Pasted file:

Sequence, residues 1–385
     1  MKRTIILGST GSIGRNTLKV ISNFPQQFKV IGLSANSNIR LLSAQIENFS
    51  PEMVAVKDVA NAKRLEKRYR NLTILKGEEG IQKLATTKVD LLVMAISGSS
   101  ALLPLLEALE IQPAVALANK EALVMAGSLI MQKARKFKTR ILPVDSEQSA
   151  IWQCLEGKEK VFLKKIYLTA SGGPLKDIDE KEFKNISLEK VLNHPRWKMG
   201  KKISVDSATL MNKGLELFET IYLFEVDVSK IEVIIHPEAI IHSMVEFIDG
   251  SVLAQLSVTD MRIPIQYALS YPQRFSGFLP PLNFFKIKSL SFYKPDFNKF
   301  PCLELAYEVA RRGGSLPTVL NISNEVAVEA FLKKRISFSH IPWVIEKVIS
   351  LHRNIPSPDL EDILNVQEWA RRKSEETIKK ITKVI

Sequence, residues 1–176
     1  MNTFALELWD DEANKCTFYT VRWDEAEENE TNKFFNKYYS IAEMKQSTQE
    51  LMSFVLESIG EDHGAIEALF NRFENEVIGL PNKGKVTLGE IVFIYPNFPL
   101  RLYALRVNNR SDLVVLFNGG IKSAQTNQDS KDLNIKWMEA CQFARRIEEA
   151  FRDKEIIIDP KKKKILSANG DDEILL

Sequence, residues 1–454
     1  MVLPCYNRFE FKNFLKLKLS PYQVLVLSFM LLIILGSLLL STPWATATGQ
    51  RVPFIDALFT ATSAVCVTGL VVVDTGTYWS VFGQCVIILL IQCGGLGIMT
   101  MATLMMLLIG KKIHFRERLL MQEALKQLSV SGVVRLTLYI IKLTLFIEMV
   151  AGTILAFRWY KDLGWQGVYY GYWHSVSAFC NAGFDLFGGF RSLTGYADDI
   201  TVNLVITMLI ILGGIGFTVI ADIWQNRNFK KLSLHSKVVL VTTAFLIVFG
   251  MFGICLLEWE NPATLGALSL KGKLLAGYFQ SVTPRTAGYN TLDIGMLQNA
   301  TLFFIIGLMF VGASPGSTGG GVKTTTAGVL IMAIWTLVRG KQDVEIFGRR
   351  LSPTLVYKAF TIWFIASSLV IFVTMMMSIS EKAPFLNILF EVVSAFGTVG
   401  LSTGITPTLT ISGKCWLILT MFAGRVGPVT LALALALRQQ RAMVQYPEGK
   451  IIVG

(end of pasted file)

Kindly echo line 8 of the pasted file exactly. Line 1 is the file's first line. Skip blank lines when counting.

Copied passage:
   301  PCLELAYEVA RRGGSLPTVL NISNEVAVEA FLKKRISFSH IPWVIEKVIS